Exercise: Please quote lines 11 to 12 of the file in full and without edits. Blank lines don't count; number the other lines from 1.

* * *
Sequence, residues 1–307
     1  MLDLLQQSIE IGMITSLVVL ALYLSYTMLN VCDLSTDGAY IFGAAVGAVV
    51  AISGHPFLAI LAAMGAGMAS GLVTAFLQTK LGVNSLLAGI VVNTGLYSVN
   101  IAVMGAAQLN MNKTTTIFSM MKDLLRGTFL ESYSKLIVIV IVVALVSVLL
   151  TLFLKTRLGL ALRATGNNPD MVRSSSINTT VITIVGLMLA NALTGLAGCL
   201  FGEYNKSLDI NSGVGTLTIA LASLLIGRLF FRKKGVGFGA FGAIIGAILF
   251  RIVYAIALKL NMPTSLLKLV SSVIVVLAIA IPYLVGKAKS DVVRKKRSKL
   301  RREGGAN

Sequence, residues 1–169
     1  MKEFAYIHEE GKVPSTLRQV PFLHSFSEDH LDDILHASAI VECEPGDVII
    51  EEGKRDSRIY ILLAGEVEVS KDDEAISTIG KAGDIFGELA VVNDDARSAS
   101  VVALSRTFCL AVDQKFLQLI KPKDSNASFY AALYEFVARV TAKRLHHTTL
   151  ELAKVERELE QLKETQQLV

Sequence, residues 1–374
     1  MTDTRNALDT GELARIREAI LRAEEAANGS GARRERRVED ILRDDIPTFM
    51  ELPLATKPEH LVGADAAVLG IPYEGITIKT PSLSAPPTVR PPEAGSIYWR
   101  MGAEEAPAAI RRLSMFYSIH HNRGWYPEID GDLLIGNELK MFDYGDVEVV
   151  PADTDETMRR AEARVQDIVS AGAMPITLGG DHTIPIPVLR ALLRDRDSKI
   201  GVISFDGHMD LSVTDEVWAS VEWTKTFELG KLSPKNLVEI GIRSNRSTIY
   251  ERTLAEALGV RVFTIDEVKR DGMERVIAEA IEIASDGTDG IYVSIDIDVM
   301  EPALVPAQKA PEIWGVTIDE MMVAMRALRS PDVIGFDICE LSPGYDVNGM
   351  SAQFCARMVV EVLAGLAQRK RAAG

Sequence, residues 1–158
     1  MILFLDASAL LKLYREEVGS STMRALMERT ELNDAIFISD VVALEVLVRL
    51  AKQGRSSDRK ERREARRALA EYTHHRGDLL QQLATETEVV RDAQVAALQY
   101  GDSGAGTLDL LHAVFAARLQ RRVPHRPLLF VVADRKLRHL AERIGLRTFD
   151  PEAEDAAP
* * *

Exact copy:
    51  EEGKRDSRIY ILLAGEVEVS KDDEAISTIG KAGDIFGELA VVNDDARSAS
   101  VVALSRTFCL AVDQKFLQLI KPKDSNASFY AALYEFVARV TAKRLHHTTL